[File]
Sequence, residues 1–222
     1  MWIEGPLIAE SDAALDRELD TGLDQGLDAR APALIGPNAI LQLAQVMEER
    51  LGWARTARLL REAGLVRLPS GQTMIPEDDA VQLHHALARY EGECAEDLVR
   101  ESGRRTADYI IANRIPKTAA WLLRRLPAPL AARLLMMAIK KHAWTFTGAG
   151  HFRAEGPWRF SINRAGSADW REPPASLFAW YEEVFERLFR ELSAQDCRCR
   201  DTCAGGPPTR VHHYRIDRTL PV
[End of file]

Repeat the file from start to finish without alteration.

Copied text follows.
Sequence, residues 1–222
     1  MWIEGPLIAE SDAALDRELD TGLDQGLDAR APALIGPNAI LQLAQVMEER
    51  LGWARTARLL REAGLVRLPS GQTMIPEDDA VQLHHALARY EGECAEDLVR
   101  ESGRRTADYI IANRIPKTAA WLLRRLPAPL AARLLMMAIK KHAWTFTGAG
   151  HFRAEGPWRF SINRAGSADW REPPASLFAW YEEVFERLFR ELSAQDCRCR
   201  DTCAGGPPTR VHHYRIDRTL PV